Monday, August 18, 2008

Practice makes perfect.

[This is a re-post of a blog entry I made on February 27, 2005, slight changes, including an annotation.]

Picture from The only way to get better at anything is to practice, practice, and practice. This philosophy is universal, but here I’m talking about SCUBA diving, specifically your buoyancy.

One of the first skills we develop as divers is buoyancy control. Yet, there are so many certified divers out there who clearly have not mastered this basic however vital skill. Out of the many possible reasons for this, one stands out most: heavy weighting. Whether it is the excitement to get down quickly or just a misunderstanding of how weight plays a role in SCUBA diving.

Bottom line, too much weight is never a good thing.  Being overly weighted causes fatigue, higher air consumption rate and unnecessary safety risks.

Being negatively buoyant at surface will expedite your descent, but it will hamper your diving and your enjoyment. Divers with too much weight will require more air in their BC to achieve neutrally buoyancy. As a heavy weighted diver descend to depth, they will have a difficult time compensating to the change in pressure and will usually bounce up and down searching for that “neutral” sweet spot.

An initial test for proper weighting can be done at the surface. With your regulator in mouth completely deflate you BC, relax and begin to breathe slowly. When your lung capacity is full, your eyes should be at water level. If you sink with lungs full of air, you’ll need to remove some weight. Once you completely exhale, you should sink. If you do not sink, add more weight. This should give you a good start point.

(For you new divers, the most important word in that last paragraph is “relax”. When excited or put into a new environment, people tend to hold their breath and breathe shallow. Full lung capacity can make you anywhere between six(6) to 12 pound positively buoyant.)

The one thing to note is that the proper weighting for SCUBA diving is being able to hover at 15 feet with 500 psi in your tank and no air in your BC.[1] Aluminum tanks begin to be positively buoyant once capacity is less than 1500psi (this is also known as “corking”) and will affect your buoyancy. Consequently, this will require the need for additional weight to the amount found when testing your buoyancy at the surface with a full tank.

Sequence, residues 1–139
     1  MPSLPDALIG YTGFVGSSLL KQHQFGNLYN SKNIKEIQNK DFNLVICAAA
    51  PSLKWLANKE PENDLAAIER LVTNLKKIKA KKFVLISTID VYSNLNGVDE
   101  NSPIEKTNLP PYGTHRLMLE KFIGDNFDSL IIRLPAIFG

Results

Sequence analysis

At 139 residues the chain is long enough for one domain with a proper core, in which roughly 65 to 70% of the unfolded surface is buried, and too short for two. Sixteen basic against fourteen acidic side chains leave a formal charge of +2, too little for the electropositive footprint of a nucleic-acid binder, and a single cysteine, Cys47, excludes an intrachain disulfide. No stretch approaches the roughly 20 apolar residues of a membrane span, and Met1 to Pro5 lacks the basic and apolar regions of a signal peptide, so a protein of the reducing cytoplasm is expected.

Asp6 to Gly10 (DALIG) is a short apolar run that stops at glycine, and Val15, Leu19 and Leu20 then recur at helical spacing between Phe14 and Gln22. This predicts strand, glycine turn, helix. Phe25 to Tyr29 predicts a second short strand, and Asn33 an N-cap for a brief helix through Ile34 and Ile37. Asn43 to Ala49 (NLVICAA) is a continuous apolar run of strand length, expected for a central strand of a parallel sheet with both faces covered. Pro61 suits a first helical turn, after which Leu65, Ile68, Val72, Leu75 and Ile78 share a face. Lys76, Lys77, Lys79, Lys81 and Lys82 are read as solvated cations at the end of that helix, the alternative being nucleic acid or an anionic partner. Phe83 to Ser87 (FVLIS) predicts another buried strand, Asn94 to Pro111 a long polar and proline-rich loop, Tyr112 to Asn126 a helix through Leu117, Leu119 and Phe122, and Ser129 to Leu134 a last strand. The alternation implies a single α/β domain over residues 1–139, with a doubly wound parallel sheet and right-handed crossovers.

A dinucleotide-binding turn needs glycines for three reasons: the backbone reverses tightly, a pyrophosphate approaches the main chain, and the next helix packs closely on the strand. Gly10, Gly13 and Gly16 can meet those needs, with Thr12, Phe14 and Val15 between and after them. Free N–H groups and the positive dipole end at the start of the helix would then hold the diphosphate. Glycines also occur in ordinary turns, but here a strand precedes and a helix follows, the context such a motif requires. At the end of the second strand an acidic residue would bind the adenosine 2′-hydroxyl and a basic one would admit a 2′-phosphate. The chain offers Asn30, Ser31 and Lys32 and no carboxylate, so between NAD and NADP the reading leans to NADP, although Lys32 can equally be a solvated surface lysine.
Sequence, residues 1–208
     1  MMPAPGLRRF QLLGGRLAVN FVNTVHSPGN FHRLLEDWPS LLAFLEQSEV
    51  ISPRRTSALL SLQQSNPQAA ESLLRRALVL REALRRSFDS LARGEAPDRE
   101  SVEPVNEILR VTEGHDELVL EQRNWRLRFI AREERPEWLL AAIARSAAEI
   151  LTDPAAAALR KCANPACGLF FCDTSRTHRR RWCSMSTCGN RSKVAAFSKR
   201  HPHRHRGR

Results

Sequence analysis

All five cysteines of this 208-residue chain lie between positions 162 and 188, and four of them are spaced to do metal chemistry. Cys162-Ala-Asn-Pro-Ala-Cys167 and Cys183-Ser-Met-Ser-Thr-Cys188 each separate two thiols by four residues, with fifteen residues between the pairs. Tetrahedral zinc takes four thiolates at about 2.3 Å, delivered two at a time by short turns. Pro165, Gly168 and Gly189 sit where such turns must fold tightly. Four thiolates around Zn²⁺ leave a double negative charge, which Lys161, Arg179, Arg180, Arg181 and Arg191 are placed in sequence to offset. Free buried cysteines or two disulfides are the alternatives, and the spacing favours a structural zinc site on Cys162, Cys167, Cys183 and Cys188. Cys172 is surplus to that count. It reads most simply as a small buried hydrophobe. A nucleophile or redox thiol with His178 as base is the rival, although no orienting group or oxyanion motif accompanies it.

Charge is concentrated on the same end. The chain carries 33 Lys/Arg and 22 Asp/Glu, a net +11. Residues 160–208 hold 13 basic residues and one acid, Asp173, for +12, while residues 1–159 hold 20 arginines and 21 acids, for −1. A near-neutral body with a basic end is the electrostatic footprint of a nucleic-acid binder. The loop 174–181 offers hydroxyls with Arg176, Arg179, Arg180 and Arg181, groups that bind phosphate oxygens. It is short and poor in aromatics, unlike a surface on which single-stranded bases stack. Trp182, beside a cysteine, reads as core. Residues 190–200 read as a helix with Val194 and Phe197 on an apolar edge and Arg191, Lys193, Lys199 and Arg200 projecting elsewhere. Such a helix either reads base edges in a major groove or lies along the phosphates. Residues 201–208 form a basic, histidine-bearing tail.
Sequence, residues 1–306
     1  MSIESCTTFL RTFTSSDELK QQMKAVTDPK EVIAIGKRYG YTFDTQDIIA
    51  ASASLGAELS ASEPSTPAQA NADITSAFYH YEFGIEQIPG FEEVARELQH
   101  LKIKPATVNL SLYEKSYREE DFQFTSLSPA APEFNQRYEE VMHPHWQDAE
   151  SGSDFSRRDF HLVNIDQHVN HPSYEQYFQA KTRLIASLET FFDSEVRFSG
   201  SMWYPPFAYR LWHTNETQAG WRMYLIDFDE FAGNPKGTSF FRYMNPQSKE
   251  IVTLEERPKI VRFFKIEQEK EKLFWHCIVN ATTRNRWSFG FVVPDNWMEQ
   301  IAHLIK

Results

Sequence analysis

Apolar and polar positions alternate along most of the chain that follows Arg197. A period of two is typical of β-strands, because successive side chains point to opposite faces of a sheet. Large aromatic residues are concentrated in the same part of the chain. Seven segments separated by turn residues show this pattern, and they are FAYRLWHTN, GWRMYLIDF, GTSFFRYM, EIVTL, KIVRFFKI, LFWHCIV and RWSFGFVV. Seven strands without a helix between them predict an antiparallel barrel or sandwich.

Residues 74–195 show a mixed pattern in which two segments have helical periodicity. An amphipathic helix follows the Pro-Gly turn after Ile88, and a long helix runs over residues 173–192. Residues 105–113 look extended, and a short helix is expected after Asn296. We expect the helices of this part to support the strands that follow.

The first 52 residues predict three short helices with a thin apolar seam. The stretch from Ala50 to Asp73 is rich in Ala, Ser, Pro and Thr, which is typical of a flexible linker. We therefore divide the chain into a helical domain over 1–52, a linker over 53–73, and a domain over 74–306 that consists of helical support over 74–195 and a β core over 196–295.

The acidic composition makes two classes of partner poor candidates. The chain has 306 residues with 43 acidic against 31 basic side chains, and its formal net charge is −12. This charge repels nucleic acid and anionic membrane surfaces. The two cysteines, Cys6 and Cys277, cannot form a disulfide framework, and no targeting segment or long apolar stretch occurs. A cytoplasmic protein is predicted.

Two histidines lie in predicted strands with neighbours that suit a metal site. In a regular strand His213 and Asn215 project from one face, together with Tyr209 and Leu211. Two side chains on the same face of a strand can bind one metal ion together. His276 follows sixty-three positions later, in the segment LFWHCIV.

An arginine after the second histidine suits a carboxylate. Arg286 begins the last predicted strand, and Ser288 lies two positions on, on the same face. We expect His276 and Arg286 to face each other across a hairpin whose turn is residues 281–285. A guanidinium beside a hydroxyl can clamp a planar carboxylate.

When returning from your dive, take special note of your buoyancy control to see if additional weight is needed.  The recording of this information should be a standard line item in your individual dive logs.

As you dive more and more you’ll get a better understanding of how much weight you specifically need to dive comfortably. As you change your equipment configuration (i.e. exposure suits, aluminum versus steel tanks, etc.) you should always test your buoyancy to insure proper weighting.

When teaching students we say, "add a knife to your equipment, check your buoyancy."  Though we say it jokingly, we're somewhat serious.


scuba gear said...

That's a very helpful piece of information. Next to mastering the use of equipment and taking note of decompression parameters, attaining neutral buoyancy efficiently should be on the top to-do list for any diver. Well, divers need to be in top physical shape so that even before engaging in a dive, weight issues should have been addressed. I think being heavy could also increase the drag, and that limits the movement of divers underwater. -- steve